Etched Copper Neckpiece from the book Heat, Color, Set & Fire from Mary Hettmansperger

Heat, Color, Set & Fire: Surface Effects for Metal Jewelry is the brand new book from jeweler and teacher Mary Hettmansperger, known far and wide as Mary Hetts. The book has been dancing atop the jewelry book bestseller lists since it released from our warehouse a month ago, but it’s officially an April publication. (That’s just how publishing works; believe me, don’t try to make sense of it.)

In the book, Mary teaches readers how to add color and texture to metal jewelry using a wide variety of low-tech approaches, including patinas, enameling, keum boo, copper etching, fusing, weaving, texturing with tools, and more. Twenty-one projects bring to life Mary’s approach to jewelry and design.

To get a sense of some of the contents, we’re posting a second project PDF from the book: Click here to download a PDF of the Etched Copper Neckpiece.

Here’s the earlier content we’ve already posted, too:

Click here to get a PDF of the Liquid Enamel Necklace project and to see a few project designs from the book in that earlier blog post. You also can read an interview with Mary Hetts from a little while back with photos of some of her beautiful work.

Mary lives in Peru, Indiana, and she teaches classes across the United States. She’s also one of Lark Jewelry & Beading‘s most popular authors, with more than 65,000 books in print with her fabulous library of teachings for jewelers: Fabulous Woven Jewelry (2006), Wrap, Stitch, Fold & Rivet (2008), Mixed Metal Jewelry Workshop (2010), and now the brand new 2012 book Heat, Color, Set & Fire.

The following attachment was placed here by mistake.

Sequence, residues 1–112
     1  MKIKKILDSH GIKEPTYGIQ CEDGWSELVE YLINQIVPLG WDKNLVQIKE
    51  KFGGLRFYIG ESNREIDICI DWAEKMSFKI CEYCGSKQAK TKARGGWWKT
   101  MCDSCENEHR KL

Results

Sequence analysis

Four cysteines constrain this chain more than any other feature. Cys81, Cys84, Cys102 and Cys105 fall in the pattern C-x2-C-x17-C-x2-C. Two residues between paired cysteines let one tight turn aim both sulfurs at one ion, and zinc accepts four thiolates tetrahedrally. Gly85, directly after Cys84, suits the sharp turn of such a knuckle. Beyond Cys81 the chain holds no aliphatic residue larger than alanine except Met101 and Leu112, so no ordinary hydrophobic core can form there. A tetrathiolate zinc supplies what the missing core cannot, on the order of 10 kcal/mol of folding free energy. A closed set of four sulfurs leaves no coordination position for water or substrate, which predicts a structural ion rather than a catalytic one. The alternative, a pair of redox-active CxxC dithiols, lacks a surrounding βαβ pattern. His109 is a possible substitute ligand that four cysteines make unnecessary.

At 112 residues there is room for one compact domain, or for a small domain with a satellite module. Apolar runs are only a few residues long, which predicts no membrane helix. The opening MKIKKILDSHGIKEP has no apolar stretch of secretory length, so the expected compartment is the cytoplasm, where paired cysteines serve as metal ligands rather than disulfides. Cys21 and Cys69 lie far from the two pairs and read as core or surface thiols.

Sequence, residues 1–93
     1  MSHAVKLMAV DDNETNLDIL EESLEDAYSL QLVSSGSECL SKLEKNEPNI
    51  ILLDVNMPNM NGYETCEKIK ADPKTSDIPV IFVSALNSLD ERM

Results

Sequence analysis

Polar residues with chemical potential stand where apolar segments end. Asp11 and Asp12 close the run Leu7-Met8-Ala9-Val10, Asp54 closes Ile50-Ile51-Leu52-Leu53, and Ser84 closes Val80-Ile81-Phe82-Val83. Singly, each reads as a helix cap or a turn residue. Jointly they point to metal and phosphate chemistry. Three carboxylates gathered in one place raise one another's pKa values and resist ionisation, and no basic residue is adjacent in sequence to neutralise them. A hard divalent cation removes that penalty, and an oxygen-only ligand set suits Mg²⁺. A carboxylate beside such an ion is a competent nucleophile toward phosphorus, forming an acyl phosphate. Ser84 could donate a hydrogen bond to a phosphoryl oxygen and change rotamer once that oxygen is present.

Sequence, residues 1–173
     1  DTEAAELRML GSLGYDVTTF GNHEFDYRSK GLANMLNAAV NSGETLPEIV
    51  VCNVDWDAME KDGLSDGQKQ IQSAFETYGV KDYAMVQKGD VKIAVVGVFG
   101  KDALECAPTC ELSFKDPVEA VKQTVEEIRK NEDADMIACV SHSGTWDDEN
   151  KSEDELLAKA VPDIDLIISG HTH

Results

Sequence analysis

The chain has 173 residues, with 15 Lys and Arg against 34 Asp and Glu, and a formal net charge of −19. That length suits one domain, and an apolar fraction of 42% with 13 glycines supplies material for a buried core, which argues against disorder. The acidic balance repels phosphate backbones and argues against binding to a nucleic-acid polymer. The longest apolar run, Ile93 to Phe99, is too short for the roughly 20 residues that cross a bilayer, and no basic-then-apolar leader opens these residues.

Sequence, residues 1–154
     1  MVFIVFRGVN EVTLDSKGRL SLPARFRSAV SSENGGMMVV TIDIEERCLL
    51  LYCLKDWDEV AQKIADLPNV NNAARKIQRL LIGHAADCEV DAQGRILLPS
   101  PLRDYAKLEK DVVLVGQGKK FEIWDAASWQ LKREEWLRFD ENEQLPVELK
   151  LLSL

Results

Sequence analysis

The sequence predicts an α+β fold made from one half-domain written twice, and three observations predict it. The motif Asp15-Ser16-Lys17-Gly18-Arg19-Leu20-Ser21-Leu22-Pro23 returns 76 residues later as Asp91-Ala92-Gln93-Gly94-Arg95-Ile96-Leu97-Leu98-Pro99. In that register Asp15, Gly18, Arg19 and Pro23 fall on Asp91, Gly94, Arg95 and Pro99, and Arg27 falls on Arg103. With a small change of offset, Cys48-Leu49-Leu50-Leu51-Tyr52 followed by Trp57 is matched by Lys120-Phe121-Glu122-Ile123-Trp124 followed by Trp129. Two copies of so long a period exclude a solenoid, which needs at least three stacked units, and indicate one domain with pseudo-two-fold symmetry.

We hope you love the new book — and all of Mary’s offerings.


5 Responses

    Pam Timm says:

    Thanks for making pdfs available from the artists.  Very informative.

    [...] A new project PDF from Mary Hettmansperger's book Heat, Color … [...]

    joan cutler says:

    I am finding diverse instructions for etching on copper. In Mary Hettsmansperger’s instructions for the necklaces in her new book, she makes it sound like a simple process. I had the idea that one could simply write or design on copper with (for example) magic marker, and then dip the copper in a plastic container from a suspension made of tape. Could someone clarify this for me? Joan

    This really answered my problem, thank you!

    I do believe all the concepts you’ve offered on your post. They are really convincing and can definitely work. Nonetheless, the posts are too quick for beginners. Could you please extend them a little from next time? Thank you for the post.

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